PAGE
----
Does Your Website Have a Secure Header? - YasTech Developments
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Does Your Website Have a Secure Header?

Security Header

[For non-developers]

What are they?

HTTP Security headers, at their simplest, increase your website or application’s security by:

  • Restricting code coming from outside or even within your website that it doesn’t recognize
  • Forcing your web browser to communicate only through a secure connection that can’t be bypassed or overridden
  • Preventing certain unsecure elements from being loaded on the website
  • Preventing attackers from being able to inject dangerous code into your website through your URL

With an HTTP Security Header, the Content Security Policy (CSP) will create a notification any time it picks up anything suspicious, and it won’t load that element.

How are they implemented?

Security headers can be implemented in any platform or content management system (CMS) your website is on. You can actually find tutorials on the internet for any of these, or ask your web service provider to implement this for you.

These headers are only a few lines of code, but they make a big difference!

Is this important?

Wherever there are security flaws, developers adapt to fight them. If your website’s security is on your mind, then a security header is definitely important.

Ecommerce websites that gather personal information and collect payment are some of the most important cases that benefit from this added security. We are recognized as a top E-Commerce Design & Development Company on DesignRush.

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Security Header

[For developers]

What are they?

According to the Open Web Application Security Project (OWASP),  HTTP Security Headers are HTTP response headers that your web application can use to increase the security of your application. They are able to:

  • Restrict the resource and scripts that a website uses, whether it be internal or external to the website. Basically whitelisting your scripts, stylings, and any other resources your website uses.
  • Force browsers to only communicate over a secure connection (HTTPS), and prevents the client from overriding an SSL certificate warnings (caused by an invalid or fake certificates).
  • Prevent iframe elements from being loaded on to the website.
  • Help prevent against reflected cross-site scripting attacks, which is when an attacker injects HTML and/or JavaScript elements via the website URL.

The Content Security Policy (CSP) can be the longest and most complex of the HTTP security headers available to implement. This is the policy in which you specify the trusted sources of resources and scripts. Any time a requested resource or script violates part of the CSP, the web browser will fire a POST request specifying the resource and the associated violation, while not loading the resource itself. Typically this appears in the web browser’s console.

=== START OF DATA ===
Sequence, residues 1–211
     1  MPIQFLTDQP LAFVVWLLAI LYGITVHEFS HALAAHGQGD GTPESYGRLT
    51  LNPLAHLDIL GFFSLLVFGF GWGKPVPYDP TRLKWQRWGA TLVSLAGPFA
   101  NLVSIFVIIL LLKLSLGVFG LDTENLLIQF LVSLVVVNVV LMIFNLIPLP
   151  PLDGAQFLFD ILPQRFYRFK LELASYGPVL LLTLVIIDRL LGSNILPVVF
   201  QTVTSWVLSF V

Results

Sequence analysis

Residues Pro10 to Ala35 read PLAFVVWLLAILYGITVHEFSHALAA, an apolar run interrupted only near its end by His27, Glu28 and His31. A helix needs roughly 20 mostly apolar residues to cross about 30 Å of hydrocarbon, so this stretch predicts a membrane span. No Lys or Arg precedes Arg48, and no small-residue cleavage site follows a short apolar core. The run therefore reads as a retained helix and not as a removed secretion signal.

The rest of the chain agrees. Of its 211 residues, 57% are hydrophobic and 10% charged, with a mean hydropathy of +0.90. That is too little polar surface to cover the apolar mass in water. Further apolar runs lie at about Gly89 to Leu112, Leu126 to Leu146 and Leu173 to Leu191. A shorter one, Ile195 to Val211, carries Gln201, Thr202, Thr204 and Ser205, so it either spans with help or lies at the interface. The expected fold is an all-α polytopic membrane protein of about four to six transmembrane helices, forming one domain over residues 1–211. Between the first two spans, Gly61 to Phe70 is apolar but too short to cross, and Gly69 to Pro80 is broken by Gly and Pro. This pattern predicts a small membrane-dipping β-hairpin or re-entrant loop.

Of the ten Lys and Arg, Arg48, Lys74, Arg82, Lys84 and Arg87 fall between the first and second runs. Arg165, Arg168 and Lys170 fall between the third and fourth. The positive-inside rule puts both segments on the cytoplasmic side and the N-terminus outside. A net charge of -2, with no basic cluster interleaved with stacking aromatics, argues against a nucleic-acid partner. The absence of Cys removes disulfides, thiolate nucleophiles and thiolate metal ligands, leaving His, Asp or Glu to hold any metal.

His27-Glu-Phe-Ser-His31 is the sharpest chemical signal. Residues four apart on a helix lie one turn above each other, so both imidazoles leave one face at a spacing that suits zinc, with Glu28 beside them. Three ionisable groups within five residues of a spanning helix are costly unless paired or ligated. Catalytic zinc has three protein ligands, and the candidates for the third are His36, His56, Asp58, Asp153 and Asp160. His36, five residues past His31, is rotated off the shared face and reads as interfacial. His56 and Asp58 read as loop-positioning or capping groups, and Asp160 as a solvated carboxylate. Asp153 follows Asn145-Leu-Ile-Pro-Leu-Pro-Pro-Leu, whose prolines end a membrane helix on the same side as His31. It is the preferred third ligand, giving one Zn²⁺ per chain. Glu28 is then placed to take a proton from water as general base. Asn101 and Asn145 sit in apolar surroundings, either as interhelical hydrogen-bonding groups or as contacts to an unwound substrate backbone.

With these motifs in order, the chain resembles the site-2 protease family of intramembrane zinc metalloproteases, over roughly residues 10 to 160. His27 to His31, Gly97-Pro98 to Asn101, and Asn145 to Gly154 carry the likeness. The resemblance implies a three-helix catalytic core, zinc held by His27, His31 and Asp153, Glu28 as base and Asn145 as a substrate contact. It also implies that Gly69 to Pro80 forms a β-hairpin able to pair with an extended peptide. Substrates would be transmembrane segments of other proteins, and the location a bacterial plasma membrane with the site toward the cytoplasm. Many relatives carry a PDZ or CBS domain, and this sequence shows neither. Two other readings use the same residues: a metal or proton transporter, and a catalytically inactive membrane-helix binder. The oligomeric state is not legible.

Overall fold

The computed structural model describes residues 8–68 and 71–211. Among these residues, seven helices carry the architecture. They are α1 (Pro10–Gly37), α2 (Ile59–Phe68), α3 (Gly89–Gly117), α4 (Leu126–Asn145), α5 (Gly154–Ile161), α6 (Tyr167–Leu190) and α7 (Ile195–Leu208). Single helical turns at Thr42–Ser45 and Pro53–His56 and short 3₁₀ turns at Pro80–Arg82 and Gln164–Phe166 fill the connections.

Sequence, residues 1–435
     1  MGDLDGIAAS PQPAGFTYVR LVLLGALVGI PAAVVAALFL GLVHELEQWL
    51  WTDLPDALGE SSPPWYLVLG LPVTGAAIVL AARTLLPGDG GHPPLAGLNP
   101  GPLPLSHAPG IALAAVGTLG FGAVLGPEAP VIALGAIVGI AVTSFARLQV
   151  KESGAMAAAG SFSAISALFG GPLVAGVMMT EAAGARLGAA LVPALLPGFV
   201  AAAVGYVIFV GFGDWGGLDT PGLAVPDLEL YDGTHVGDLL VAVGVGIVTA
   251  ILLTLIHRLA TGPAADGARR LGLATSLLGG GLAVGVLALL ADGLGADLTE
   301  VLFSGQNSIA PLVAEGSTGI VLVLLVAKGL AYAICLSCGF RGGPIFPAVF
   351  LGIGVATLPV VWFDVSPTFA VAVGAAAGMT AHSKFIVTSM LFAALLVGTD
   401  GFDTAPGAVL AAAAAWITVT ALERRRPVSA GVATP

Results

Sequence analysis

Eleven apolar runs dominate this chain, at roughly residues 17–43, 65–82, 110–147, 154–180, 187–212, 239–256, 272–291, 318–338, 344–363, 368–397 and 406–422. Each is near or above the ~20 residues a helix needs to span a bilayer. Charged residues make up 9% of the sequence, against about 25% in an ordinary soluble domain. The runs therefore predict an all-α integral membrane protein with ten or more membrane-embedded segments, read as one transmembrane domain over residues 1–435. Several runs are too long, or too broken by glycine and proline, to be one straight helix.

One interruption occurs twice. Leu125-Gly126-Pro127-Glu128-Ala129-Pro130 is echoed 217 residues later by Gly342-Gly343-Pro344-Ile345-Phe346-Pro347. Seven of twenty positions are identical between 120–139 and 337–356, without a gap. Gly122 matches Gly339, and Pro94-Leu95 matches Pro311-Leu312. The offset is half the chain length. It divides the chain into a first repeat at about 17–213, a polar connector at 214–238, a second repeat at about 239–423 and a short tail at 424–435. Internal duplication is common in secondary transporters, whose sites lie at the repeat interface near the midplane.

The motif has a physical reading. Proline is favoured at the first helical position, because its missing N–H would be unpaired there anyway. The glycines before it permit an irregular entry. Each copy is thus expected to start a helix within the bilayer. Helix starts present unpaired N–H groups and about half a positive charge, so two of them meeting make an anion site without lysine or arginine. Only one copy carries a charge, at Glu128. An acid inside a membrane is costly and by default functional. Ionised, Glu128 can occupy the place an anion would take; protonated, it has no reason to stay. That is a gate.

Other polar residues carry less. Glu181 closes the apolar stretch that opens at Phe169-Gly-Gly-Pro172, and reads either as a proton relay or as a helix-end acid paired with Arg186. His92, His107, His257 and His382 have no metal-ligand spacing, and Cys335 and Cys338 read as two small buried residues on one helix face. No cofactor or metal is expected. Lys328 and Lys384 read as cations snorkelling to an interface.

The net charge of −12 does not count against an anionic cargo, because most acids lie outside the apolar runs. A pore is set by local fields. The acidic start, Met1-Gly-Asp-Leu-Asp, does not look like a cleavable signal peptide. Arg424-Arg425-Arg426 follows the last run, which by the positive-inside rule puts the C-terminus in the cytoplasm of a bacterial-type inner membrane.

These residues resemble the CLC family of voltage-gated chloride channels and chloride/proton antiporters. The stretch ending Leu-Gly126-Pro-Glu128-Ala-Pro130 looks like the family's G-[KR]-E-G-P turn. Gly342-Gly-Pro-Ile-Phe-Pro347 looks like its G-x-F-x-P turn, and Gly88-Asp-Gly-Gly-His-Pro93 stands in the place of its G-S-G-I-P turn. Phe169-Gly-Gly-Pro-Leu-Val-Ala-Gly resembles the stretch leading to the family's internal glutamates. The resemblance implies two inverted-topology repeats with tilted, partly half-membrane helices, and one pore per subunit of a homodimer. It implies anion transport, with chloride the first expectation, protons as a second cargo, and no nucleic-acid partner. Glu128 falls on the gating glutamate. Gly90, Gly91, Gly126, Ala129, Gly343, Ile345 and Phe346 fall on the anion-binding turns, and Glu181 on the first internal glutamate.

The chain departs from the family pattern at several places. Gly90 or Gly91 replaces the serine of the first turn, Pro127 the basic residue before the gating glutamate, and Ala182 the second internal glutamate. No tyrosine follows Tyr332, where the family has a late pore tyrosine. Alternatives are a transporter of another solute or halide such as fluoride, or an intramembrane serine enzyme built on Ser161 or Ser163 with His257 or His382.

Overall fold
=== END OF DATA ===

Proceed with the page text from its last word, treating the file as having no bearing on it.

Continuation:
How are they implemented?

Most security vulnerabilities can be mitigated or fixed by implementing the necessary security header. These headers can be implemented through Apache configuration files, Nginx configuration files, Microsoft IIS or whatever platform or Content Management System (CMS) you are using. There are tutorials on almost any web solution you may be using.

These security headers are typically only a few lines of code. Here’s an example for implementing a security header in WordPress (although it’s recommended to implement through your web server software). This security header is added to the wp-config.php file and doesn’t allow iframe elements:

header(‘X-Frame-Options: DENY);

Is this important?

If security is a concern on your website, security headers are absolutely important. All modern web browsers support security headers, but can vary in levels of support of headers such as CSP. Security headers are especially important on any website that deal with ecommerce, sensitive user information, private company information, etc. If you have any data to protect you should be using security headers. Vulnerabilities in security headers have been found and published in the past, but they are continually improving and more widely supported, it’s better to think of them as another layer of security then an absolute solution.

 

Further Reading:

https://geekflare.com/http-header-implementation/#WordPress

https://geekflare.com/http-header-implementation/

https://www.dionach.com/blog/an-overview-of-http-security-headers

https://www.owasp.org/index.php/OWASP_Secure_Headers_Project

https://www.keycdn.com/blog/http-security-headers

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